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Rob Steen and Simon Inglis strike two heavyweight blows for well researched sporting history

Racy tales of scandal and skulduggery and journeys into troubled souls have tended to tick the judges' boxes for the William Hill Sports Book of the Year in recent years, so it is encouraging to see that the 2014 shortlist contains two hefty tomes of thoroughly well researched sporting history.

The reason for their presence there is easily explained: both are exceptional pieces of work with an appeal that goes well beyond mere academic interest.

Rob Steen's Floodlights and Touchlines: A History of Spectator Sport weighs in at 531 pages of fairly dense type with only one pause for illustrations, which makes it at first glance a daunting prospect.  Yet it has been hailed for the author's lightness of touch in tackling a subject of epic proportions, taking his readers on a journey from gladiatorial Rome to the present day that is heavy on detail yet with many diverting anecdotes.

Played in London: Charting the History of a City at Play, Simon Inglis's latest contribution to a series of works on sports history by English Heritage, is simply sumptuous, a lavishly illustrated, beautifully written and staggeringly comprehensive history of sport in London and of the places it has been played, with a particular emphasis on sporting architecture, from stadiums to swimming baths, pavilions to boathouses.

Steen, a former Guardian and Sunday Times sportswriter who is now a senior lecturer in sports journalism at the University of Brighton, is the author of a dozen books and many research publications and Floodlights and Touchlines is his most ambitious project.

His decision to give the book a thematic structure was a wise one.  Where a chronology might have challenged the reader's stamina, Steen chooses to break down his history into 10 chapters, each looking at a different aspect of the way sport has evolved.  Gambling, governance, professionalism, players' rights, internationalism, politics, race and sexuality all come under Steen's analytical spotlight, as well as -- of course -- the part played in sport's history by the most important participants of all, the spectators.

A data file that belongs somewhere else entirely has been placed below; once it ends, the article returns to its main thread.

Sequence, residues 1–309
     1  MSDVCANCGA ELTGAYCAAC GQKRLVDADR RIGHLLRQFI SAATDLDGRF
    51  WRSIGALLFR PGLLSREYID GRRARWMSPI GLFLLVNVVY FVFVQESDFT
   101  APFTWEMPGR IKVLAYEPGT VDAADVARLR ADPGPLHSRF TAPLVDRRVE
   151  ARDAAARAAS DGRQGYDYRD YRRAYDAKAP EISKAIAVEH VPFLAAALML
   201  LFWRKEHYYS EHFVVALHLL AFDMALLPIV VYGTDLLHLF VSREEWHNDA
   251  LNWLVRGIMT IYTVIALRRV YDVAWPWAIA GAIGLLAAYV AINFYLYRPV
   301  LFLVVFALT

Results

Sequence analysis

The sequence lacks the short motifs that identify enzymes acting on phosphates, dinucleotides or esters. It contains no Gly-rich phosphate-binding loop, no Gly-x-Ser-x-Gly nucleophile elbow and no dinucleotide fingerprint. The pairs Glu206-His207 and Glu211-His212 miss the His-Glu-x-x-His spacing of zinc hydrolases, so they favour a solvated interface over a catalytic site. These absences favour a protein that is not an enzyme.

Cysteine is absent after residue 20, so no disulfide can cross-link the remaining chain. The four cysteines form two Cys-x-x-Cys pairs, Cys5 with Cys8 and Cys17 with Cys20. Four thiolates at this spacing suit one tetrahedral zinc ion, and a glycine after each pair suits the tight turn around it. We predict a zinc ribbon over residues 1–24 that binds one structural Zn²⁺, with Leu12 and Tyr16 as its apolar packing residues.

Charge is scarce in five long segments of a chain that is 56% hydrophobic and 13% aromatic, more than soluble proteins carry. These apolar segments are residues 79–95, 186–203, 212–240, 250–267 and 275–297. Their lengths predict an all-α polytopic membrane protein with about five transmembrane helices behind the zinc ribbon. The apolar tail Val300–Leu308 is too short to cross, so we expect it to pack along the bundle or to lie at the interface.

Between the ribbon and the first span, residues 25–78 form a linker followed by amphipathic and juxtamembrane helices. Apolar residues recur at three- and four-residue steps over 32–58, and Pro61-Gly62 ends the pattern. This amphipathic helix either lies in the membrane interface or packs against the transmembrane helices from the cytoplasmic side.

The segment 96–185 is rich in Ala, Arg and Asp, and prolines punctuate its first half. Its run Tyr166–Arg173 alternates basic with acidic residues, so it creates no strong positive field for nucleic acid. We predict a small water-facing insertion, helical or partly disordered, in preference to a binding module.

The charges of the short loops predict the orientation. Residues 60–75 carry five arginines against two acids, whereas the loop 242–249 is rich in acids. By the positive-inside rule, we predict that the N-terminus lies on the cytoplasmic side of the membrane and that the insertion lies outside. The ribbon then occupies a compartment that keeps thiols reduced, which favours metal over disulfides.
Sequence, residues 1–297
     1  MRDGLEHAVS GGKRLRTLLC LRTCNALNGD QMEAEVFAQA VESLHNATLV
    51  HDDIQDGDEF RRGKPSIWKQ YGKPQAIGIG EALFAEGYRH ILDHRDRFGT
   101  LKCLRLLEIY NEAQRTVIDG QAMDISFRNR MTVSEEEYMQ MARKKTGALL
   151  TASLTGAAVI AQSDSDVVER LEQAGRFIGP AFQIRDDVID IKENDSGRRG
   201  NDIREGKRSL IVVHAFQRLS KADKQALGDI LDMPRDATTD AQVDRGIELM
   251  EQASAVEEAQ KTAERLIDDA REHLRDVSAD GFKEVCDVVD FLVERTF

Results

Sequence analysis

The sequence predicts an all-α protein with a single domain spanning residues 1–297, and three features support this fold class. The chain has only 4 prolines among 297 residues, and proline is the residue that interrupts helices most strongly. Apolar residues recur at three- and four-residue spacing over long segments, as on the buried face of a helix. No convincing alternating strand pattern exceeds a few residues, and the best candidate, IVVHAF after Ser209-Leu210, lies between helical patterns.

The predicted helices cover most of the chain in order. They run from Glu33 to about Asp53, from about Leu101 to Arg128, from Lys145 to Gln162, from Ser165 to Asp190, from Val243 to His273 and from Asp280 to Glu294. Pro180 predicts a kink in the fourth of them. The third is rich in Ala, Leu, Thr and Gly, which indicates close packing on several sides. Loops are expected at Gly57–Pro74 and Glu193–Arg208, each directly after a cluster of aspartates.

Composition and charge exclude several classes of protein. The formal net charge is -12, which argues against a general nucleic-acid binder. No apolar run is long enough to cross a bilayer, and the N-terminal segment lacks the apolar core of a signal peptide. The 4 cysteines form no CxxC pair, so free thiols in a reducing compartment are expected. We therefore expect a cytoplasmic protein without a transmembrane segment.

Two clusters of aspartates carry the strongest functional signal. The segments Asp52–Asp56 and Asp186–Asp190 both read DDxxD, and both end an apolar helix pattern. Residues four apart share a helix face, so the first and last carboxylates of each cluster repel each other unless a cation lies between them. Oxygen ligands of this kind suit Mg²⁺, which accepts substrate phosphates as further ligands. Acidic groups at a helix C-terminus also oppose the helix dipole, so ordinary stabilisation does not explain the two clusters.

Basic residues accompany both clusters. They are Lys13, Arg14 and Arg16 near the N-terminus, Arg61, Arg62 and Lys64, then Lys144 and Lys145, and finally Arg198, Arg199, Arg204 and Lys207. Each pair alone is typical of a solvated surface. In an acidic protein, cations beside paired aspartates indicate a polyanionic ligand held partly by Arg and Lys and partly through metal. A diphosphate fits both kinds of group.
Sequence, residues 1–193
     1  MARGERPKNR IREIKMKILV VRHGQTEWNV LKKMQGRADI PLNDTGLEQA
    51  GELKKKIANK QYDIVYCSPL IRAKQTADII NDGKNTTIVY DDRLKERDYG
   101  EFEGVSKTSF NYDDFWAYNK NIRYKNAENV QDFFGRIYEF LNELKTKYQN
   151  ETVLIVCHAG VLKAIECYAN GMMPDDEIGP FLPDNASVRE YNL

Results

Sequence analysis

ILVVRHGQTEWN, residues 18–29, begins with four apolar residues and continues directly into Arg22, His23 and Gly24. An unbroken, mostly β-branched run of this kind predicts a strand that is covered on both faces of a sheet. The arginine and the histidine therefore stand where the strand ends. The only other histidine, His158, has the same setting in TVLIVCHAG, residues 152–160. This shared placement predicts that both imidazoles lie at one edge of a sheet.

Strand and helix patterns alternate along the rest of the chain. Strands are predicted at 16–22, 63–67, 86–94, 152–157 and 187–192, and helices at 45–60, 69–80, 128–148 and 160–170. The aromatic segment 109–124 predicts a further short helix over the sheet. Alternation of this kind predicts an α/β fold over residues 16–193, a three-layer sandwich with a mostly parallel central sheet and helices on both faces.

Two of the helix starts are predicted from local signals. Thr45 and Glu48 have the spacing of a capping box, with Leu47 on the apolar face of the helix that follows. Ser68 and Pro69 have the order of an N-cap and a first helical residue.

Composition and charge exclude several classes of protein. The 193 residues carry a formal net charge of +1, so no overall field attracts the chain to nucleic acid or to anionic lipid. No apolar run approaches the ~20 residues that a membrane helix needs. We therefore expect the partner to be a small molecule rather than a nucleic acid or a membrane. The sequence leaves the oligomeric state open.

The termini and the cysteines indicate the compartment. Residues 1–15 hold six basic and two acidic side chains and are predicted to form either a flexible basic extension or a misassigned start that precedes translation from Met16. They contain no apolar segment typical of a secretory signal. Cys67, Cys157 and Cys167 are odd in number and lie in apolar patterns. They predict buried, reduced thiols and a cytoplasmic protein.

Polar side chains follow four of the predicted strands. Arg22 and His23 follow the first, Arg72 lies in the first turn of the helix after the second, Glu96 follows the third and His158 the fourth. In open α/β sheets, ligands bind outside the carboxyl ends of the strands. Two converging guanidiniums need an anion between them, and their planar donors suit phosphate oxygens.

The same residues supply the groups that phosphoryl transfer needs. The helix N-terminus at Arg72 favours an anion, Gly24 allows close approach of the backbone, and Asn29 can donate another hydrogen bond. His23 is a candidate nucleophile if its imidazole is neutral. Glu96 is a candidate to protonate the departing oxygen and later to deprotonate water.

Steen's knowledge of sport is immense and his grasp of its significance impressive and enlightening, his appreciation of social and political context giving deeper texture to the story. He understands the dramatic qualities of sport and why so many of us find it so engrossing and explains it all in a compelling narrative that is destined to make this work a classic.

Simon Inglis shares with Steen an enormous fascination with sporting heritage, with a particular interest in where sport has taken place.  His books on the football stadiums of Britain and Europe have become definitive works, blending the history of the game with the evolution of its architecture. He also wrote a wonderful biography of Archibald Leitch, the architect responsible for turning Highbury, Old Trafford, Anfield and Craven Cottage into stadium that would become established in football's iconic landmarks.

Played in London extends way beyond football to explore pretty much every sport ever played in any organised way within the boundaries of the capital, from archery and athletics to speedway and squash, seeking out what remains and what has disappeared among the vast number of grandstands and pavilions, gymnasiums and sports halls, boathouses, swimming pools, cricket, football and rugby fields and even skateparks that have helped London establish and maintain its reputation as one of the world's great sporting cities.

Inglis takes the reader back in time as far as bull and bear baiting and cockfighting in the 16th century to explain the origins of streets such as Bear Gardens in Southwark and Cockpit Steps in Westminster, and explains how Pall Mall was once a section of St James's Park set aside for the French lawn game of Paille Maille, a variation on croquet.

The wonderful photography, meanwhile, brings back to life some of the great landmarks now disappeared from the city's sporting skyline, notably the lamented White City stadium, originally constructed for the 1908 Olympics, that would play host to so many famous occasions in athletics, greyhound racing, speedway, boxing and football and the demolition of which in 1985 was an act of vandalism against not only London's cultural heritage but that of the whole country.

Inglis's knowledge of and fascination with sporting architecture is unrivalled and his text is rich in detail, while the wealth of eyecatching illustrations brings every page to life.  Played in London follows on from similar volumes on sport in Manchester - also written by Inglis -- Birmingham, Liverpool, Glasgow and Tyne and Wear in the Played in Britain series.  A masterful piece of work, it is an absorbing and richly evocative history of sport in the great city and will be the definitive reference work for anyone wishing to embark on a tour of the capital's sporting heritage.

The winner of the William Hill Sports Book of the Year award for 2014 will be revealed next Thursday (November 27), when the successful author will receive among other things a cash prize of £26,000,

To buy Floodlights and Touchlines: A History of Spectator Sport, go to Amazon, Waterstones or WHSmith.

Likewise, buy Played in London: Charting the Heritage of a City at Play from Amazon, Waterstones or WHSmith.

The full shortlist for the William Hill Sports Book of the Year 2014

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